Sixtus, bishop, servant of the servants of God. For a perpetual remembrance: Since, through the Eternal King’s clemency, wheryby kings reign, we have been placed in the most lofty watchtower of the Apostolic See, we earnestly seek the stability, prosperity, quiet, and tranquility of all Catholic kings, under whose auspicious guidance Christ’s faithful ones are cherished in justice and peace, and we fervently desire that sweet peace may thrive among them. Moreover we graciously apply the strengthening power of apostolic confirmation to what we find to have been done with that object by our predecessors, the Roman Popes, and others, in order that it may remain forever firm, unshaken, and far removed from any risk of controversy. A short while ago, when it was brought to the hearing of our predecessor, Pope Nicholas V, of happy memory, that formerly Henry, the infante of Portugal, uncle of our most dear son in Christ, Alfonso, the illustrious king of the kingdoms of Portugal and Algarve- Afterwards, however, when, through the craftiness of the enemy of humankind, war had raged for some time between the aforesaid King Alfonso and our dearest son in Christ, Ferninand, the illustrious king of Castile and Leon, and their subjects, at length through the operation of divine clemency they reached peace and concord, and, for the purpose of strengthening and establishing peace between them, they concluded certain articles, one of which was to the following effect: Item, the aforesaid King and Queen of Castile, Aragon, and Sicily, willed and resolved that this peace shall be firm and stable and everlasting, and they promised henceforth and forever that neither directly nor indirectly, neither secretly nor publicly, nor by their heirs and successors, will they disturb, trouble or molest, in fact or in law, in court or out of court, the said king and prince of Portugal or the future sovereigns of Portugal or thier kingdoms in the status of possession or quasi-possession which they hold over all the trade, lands, and barter of Guinea, with its gold mines, or over any other islands, shores, sea coasts, or lands, discovered or to be discovered, found or to be found, or over the islands of Madeira, Porto Santo, and Desierta, or over all the islands called the Azores, that is, Hawks, and the islands of Flores, nor over the islands of Cape Verde (the Green Cape), nor over the islands already discovered, nor over whatever islands shall be found or acquired from beyond the Canaries, and on this side of and in the vicinity of Guinea, so that whatever has been or shall be found and acquired further in the said limits, shall belong to the said King and Prince of Portugal and to their kingdoms, excepting only the Canary Islands, [namely] Lanzarote, Palma, Forteventura, Gomera, Ferro, Graciosa, Grand Canary, Tenerife, and all the other Canary Islands, acquired or to be acquired, which remain the possession of the kingdoms of Castile. And in like manner they will not disturb, trouble, or molest any persons, whomsoever, who, under any title or in any way or manner whatsoever, shall trade or traffic in or acquire the said merchandise or trade of Guinea, or the said lands, shores or coasts, discovered or to be discovered, in the name or under the authority of the said lords, king and prince of Portugal, or of their successors. On the contrary, by these presents, they do promise and assure, in good faith and without deceit, the said lords, king and prince of Portugal, and their successors, that they will not, of themselves or through others, order or consent, but rather forbid that any of their people, native or subject, in any place or at any time, or in any case, imagined or not imagined, or any other foreign peope who might be within their kingdoms and dominions, or who might be equipped or provisioned in their ports, go to traffic in the said trade, or in the islands or lands of Guinea, discovered or to be discovered, without the permission of the said King and Prince of Portugal. Neither will they give any occassion, favor, opportunity, aid, or consent, direct or indirect, for such trade, nor permit the equipment or freighting of such exeditions for those regions in any manner. And if any of the natives or subjects of the kingdom of Castile, or any foreigners whosoever, shall set about trafficking in , obstructing, injuring, plundering, or acquiring by conquest the said Guinea or its trade, barter, or mines, or the lands and islands, discovered or to be discoveed, without the express license and consent of the said lords, king and prince of Portugal, or their successors, all such shall be punished in the manner, place, and form ordained by the said article of this new revision of the treaties of peace which will and ought to be observed in maritime affairs against those who land upon the shores, bays, or ports in order to plunder, commit depredations, or do evil, or who shall do such things on the high seas. Moreover, the King and Queen of Castile and Leon, promised and agreed, in the manner abovesaid, for themselves and for their successors, not to concern themselves to interfere in any manner with the conquest of the kingdom of Fez, just as the former sovereigns of Castile, their predecessors, abstained from meddling with it; but the said lords, king and prince of Portugal, and their kingdoms and successors shall have a free hand to prosecute the said conquest and to defend it as they please. And the said lord and lady, king and queen of Castile, promised and agreed faithfully that, neither of themselves nor by any other, in court or out of court, in fact or in law, will they raise against this agreement, nor any part of it, nor anything that pertains to it, any suit, doubt, question, or any other contention, but that, on the contrary, they will observe and fulfill everything strictly, and will cause it to be observed and fulfilled without any diminution. And in order that in the future ignorance might not be alleged of the prohibition and penalties involved in the said matters, the said king and queen immediately ordered the justices and officials of the ports of their aforesaid kingdoms faithfully to observe, fulfill, and execute everything herein ordained, and to proclaim and publish it in their courts and in the said seaports of their aforesaid kingdoms and dominions, so that it might be universally known. We, therefore, to whom all the Lord’s flock is committed by Heaven, and who, as we are bound, desire sweet peace and tranquility to flourish and endure forever between Christian princes and peoples, earnestly wishing that the letters of Nicholas and of Callixtus, our predecessors, and the article inserted above, and all and singular their contents, may remain stable and unimpaired forever, to the praise of the Divine Name and the lasting peace of the princes and peoples of each of the aforesaid realms; of our own motion not in compliance with any petition offered to us on this subject, but of our spontaneous liberality, foresight, and certain knowledge, and from the plenitude of apostolic power, considering the letters of Nicholas and of Calixtus, our predecessors, the articles aforesaid [i.e The Treaty of Alcáçovas], as valid and acceptable, do by apostolic authority and tenor of these presents, approve and confirm them and everything contained in them and secure them by the protection of this present writing, decreeing that they, all and singular, ought to possess full authority and be observed forever. And moreover, by our apostolic writings and on our motion and knowledge aforesaid, we command our venerable brothers, the bishops of Evora and of Silves and of Portugal, that they themselves, or two or one of them, by himself, or another or others, solemnly publishing each of the aforesaid letters and the article, where and when it shall be necessary, and assisting with efficacious protection the said King and Prince of Portugal and their successors, in all and singular the aforesaid, shall not permit the said king and prince and their successors to be molested or even hindered, contrary to the aforesaid, or any part of it, by anyone of whatsoever rank, position, degree, or condition he may be, restraining in our name all persons soever who obstruct, hinder, oppose, or rebel against the aforesaid, by ecclesiastical censures or other legal remdies, without permitting appeals, all [apostolic constitutions] to the contrary notwithstanding, even though an indult shall have been granted by the Apostolic See to any persons, jointly or singly, declaring them to be exempt from interdiction, suspension, or excommunication by apostolic letters that do not make full and express and verbatim mention of the said indult. Let no one, therefore, infringe or with rash boldness contravene this, our confirmation, approbation, reinforcement, regulation, and mandate. Should anyone presume to do so, be it known to him that he will incur the wrath of Almighty God and of the blessed apostles, Peter and Paul. Given at Rome, at St. Peter’s on the twenty-first day of June, in the year of the Incarnation of our Lord, one thousand, four hundred and eighty-one, in the tenth year of our pontificate.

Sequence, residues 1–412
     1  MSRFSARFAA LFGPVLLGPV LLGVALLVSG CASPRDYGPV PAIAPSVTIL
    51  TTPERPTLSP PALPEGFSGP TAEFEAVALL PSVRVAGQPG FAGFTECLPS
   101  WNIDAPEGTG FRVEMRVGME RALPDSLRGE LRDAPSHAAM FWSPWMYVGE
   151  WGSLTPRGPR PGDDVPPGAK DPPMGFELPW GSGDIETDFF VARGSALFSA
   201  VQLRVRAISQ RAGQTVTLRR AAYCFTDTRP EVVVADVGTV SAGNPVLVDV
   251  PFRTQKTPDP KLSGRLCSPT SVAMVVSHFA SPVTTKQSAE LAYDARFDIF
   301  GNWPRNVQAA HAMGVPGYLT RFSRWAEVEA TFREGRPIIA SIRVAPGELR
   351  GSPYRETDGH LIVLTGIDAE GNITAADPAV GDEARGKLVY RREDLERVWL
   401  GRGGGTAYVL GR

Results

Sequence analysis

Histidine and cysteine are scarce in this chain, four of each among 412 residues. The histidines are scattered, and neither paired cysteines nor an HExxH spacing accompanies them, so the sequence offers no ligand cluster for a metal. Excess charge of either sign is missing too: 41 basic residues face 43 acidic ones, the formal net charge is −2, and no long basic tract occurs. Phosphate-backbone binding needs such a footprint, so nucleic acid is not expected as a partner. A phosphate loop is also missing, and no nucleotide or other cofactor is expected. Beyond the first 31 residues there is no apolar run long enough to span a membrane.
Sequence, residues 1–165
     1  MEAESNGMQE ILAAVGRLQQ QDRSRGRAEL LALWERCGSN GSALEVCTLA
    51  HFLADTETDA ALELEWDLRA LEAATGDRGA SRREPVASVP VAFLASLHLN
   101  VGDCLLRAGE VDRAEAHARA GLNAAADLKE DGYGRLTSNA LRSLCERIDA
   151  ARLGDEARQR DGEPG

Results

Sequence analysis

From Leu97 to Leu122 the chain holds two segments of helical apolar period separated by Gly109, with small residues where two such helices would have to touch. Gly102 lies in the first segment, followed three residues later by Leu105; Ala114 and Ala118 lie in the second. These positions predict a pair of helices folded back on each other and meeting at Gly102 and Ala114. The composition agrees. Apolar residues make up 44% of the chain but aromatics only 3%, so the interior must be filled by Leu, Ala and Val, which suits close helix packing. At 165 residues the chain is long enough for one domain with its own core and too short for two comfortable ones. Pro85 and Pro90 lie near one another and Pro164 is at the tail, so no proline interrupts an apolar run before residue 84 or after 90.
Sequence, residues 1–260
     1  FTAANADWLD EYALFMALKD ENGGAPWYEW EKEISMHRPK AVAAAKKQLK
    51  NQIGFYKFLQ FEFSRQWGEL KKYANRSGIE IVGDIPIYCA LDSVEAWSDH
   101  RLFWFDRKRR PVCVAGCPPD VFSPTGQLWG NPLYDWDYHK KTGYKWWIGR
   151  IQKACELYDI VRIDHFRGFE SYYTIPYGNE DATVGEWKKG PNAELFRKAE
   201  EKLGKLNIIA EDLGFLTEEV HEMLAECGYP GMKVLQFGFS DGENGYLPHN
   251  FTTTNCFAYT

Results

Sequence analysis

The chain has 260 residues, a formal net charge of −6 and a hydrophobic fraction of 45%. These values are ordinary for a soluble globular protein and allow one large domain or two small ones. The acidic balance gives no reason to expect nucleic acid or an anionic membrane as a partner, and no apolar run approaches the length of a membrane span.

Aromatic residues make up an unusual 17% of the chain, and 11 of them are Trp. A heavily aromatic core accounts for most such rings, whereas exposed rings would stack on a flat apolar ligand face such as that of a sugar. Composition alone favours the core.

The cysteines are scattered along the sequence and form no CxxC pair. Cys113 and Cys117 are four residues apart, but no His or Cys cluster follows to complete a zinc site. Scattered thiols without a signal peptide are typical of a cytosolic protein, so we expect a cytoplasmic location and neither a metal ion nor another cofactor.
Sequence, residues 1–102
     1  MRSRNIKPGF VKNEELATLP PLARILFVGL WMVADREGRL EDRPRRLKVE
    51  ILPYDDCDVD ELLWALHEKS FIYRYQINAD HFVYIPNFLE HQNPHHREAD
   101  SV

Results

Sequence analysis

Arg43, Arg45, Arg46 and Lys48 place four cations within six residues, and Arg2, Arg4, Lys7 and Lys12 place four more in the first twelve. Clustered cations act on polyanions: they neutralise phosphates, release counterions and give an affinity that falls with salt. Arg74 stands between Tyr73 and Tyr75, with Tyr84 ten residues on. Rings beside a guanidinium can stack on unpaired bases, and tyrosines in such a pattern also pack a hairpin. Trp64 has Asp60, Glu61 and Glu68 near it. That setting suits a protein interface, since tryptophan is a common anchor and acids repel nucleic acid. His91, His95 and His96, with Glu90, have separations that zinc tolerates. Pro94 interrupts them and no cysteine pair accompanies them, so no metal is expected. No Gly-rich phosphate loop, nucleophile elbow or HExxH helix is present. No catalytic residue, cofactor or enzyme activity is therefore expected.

The Bull Inter Caetera, 04 May 1493